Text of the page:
Composed mainly of carbohydrates, grains turn into glucose in our systems which provide a quick source of energy.

Unfortunately, our bodies haven't adjusted to living in a world where carbs are plentiful enough to satisfy every craving.

Whatever glucose isn't burned through physical activity is stored in the body as fat.

Hands holding glass with grains

Paleo Diet eliminates cereal grains as well.


Sugars are hard to come across in the natural world, meaning that it was a rare occurrence in the lives of our hunter gather ancestors. Even honey wouldn't have been eaten more than a few times a year. For this reason, the Paleo diet restricts all types of sugar besides those found in fruit.

Dairy Products

Cheese on a table

Dairy is a Paleo "gray area" food.

Most Paleo followers forgo adding any dairy products to their diets simply because of the lack of access that paleolithic peoples would have had to them.

(It's hard to raise a cow when you live a nomadic lifestyle).

However, some Paleo followers add butter to their diet as a way to get plenty of healthy saturated fats. When dairy is consumed in the Paleo diet, followers are careful to watch where it comes form and to only get it from pasture raised animals allowed to live a natural lifestyle without artificial antibiotics or growth hormones.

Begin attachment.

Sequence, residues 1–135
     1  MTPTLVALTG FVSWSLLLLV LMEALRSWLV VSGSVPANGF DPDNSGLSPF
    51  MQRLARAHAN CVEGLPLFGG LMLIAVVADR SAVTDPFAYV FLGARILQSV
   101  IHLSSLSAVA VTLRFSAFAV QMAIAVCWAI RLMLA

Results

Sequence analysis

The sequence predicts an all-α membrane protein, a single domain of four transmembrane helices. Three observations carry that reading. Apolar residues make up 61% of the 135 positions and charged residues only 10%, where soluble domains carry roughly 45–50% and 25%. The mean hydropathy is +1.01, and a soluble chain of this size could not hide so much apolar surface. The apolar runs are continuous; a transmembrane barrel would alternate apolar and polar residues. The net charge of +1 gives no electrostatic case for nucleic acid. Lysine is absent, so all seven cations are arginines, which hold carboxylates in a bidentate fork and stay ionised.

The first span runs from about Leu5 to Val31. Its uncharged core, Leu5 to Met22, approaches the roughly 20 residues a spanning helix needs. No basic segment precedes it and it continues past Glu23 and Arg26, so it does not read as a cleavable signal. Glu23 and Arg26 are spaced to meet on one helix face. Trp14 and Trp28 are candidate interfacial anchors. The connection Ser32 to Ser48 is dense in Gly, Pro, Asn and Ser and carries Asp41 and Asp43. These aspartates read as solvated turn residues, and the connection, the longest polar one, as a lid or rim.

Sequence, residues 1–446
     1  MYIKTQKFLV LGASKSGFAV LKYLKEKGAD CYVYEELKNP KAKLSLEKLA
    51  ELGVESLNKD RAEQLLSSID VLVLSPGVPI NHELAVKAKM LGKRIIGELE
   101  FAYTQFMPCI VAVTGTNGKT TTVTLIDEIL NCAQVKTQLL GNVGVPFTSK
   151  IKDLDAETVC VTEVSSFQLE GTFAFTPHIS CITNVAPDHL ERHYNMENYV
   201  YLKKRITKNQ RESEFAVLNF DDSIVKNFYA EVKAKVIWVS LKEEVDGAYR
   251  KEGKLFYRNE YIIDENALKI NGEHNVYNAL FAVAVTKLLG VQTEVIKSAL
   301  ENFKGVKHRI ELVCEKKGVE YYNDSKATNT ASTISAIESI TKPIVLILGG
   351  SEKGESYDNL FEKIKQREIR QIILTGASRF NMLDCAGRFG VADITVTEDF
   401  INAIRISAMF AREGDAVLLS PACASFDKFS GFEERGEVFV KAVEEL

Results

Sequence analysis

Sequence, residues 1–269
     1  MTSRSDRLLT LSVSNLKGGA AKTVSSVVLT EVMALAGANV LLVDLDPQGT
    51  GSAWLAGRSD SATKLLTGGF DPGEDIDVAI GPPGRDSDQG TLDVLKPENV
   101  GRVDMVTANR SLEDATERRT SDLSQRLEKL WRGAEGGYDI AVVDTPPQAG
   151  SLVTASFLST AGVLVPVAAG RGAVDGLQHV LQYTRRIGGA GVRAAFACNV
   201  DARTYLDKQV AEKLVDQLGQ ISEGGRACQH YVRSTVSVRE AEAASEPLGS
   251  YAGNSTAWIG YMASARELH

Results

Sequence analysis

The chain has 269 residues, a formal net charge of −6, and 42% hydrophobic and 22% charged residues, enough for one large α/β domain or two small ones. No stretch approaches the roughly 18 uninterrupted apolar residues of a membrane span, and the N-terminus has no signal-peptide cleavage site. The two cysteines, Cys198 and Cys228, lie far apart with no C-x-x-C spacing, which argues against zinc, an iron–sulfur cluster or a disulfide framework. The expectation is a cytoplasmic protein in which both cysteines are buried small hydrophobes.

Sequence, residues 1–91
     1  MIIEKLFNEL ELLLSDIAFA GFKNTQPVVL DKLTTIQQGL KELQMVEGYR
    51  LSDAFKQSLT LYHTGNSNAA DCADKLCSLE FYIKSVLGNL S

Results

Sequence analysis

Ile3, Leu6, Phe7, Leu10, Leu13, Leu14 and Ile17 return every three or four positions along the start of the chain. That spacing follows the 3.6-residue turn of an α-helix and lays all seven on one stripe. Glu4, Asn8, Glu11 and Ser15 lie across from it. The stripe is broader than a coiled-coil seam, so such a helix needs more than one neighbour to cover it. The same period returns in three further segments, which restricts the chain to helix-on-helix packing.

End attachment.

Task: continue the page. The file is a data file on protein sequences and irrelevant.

Beans were only added to the human diet ten thousand years ago, and Paleo followers claim that we aren't evolved to handle them yet.

Many people suffer from bloating and indigestion when they eat lots of beans, so cutting them out of your diet might make a difference for your intestinal health.

Colorful beans in a basket

Why can’t I eat beans?

However, some Paleo followers allow themselves to eat fermented soybeans like tofu (see the benefits here) or miso because the probiotic activity of the fermentation process means that much of the difficult to digest compounds are predigested, making them easy to handle for our modern systems.

Acceptable paleo diet foods

Lean Proteins

There's little doubt that paleolithic people got much of their daily energy from meat that they hunted. This meat would have been extremely lean and helps to support strong muscles and bones as well as an optimized immune system.